For Jonesport fisherman Preston Alley, it’s hard to count on the scallop season. Recently, the seasons have started out strong, but they soon peter out.

“It’s getting hard to make something out of it,” Alley said.

Many Maine scallopers are in the same boat, said Trisha De Graaf, resource management coordinator for the Maine Department of Marine Resources (DMR). In recent years, the scallop season has been marred by closures shortly after it starts. The instability hurts fishermen, she said.

“They thought they were going to get 14 paychecks, 14 weeks of work, when it really is only a week and a half’s work,” De Graaf said.

The state has had little choice but to close scallop beds, as surveys early in the season show they are quickly depleted by fishermen, but De Graaf believes it’s time for the state to provide a long-range vision for what could be a very lucrative fishery if it is stabilized.

Now the state has proposed an ambitious 10-year management plan for the scallop fishery that would employ some combination of limited access areas, rotational closures, and new restrictions in an attempt to create stability for the scallop industry. Fishery officials have held three public hearings and taken public comments on the proposal through October 15. While DMR officials have been working closely with Maine scallopers to craft the plan, it still has surprised some who first look at it, De Graaf said.

“It’s a bit of shock because it is such a long proposal,” she said.

Under the plan, the state’s scallop fishery would be divided into three zones. The first two zones for the southern and midcoast areas of the state would be divided into sub-zones and managed with rotational closures. On any given year, portions of the zone would be open to scallopers and portions would remain closed. Some scallop habitat areas would still remain limited-access areas, eventually phasing into the rotational management plan, De Graaf said.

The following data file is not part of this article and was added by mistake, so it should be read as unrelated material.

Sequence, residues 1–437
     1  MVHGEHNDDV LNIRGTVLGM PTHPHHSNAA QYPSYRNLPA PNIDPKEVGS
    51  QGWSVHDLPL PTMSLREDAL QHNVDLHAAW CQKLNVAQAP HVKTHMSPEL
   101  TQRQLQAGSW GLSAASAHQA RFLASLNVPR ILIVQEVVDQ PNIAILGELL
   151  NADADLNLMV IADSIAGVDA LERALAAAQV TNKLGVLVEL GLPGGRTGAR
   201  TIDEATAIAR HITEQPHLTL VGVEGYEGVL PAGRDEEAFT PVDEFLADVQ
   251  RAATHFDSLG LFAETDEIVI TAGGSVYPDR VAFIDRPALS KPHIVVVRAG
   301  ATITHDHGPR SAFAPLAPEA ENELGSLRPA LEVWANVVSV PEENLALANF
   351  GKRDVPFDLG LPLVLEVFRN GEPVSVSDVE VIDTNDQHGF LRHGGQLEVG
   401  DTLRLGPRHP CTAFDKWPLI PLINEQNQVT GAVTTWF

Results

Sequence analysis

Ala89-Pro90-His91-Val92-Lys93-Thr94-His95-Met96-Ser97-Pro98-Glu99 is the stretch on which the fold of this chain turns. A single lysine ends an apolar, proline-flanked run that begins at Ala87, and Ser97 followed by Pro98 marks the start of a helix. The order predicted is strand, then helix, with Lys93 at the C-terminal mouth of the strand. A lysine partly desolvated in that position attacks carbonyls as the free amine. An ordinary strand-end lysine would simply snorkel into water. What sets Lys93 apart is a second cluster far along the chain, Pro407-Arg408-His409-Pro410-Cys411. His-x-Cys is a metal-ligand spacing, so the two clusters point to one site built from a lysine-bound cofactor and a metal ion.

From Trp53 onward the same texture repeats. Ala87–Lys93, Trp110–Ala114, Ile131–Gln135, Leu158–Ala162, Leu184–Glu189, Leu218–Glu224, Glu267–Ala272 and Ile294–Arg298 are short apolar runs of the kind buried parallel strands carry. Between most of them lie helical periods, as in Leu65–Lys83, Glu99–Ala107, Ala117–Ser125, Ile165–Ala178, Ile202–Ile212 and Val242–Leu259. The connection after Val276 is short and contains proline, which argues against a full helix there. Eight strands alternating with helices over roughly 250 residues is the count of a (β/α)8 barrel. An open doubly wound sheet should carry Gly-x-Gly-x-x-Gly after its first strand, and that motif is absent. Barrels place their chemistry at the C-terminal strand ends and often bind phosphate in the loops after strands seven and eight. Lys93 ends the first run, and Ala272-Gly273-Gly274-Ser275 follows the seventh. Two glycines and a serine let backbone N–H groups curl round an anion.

State officials believe a rotational management plan will give scallops a chance to recover from heavy harvests. Such a plan has worked well for scalloping in federal waters, and closed scallop areas in state waters have seen robust recovery in a short period of time, De Graaf said.

But the most interesting plan for scallopers most likely will be the proposed regulations for Zone 3, which covers the Downeast coast, considered to have the best scallop beds in state waters. With the proposal, local scallopers are being given the choice to either go with rotational closures or opt for a shorter scallop season with decreased daily catch limits.

Their decision could affect scallopers up and down the coast. For years, scallopers have come from all over Maine to fish there, said Will Hopkins, Director of the Cobscook Bay Resource Center. Hopkins recalled an opening day in 1995 when an aerial photographer captured an image of 170 boats crammed into the relatively small bay.

“It’s overwhelming, that number of boats, and they’re all fishing cheek to jowl next to each other,” Hopkins said.

Some Cobscook Bay scallopers have publically expressed frustration that scallopers from areas with less-productive scallop beds come to scallop Downeast, which triggers early closures for the scalloping season. It’s the nature of a mobile fleet, but unfortunately many Cobscook fishermen don’t have the boats to be mobile enough to compete in other zones, he said.

“It’s simply not going to happen. There might be three or four guys in the area that can do it,” Hopkins said.

At a recent meeting of the Cobscook Bay Fishermen’s Association, more than 2/3 of fishermen expressed support for shorter seasons over rotational closures. The main reason is that most local scallopers fear that rotational closures will jam too much scalloping into too small of an area for the resource to remain sustainable, said Hopkins.

“Jamming 100 boats into 20 square miles is going to just scour the bottom. It’s going to clean out every single legal-sized scallop,” he said.

A shorter season with a decreased daily catch limit hopefully will diffuse fishing effort to some 58 square miles each year, said Hopkins. A lower daily catch limit also might discourage fishermen from the other two zones to make the long trek to the bay, he said. Ultimately, he believes, it could lead to a stronger scallop season up and down the coast.

Togue Brawn, owner of Maine Dayboat Scallops in Bath, is concerned rotational management may encourage overharvesting of reopened scallop beds. Brawn until recently worked with the DMR and remembers how hard it was to push through the closures that have allowed some scallop beds to recover. She would rather see a more conservative approach than what’s being proposed to protect the fragile recovery.

“If we don’t have conservative management, fishermen could totally obliterate that,” Brawn said.

 Craig Idlebrook is a freelance writer living in Medford, Mass.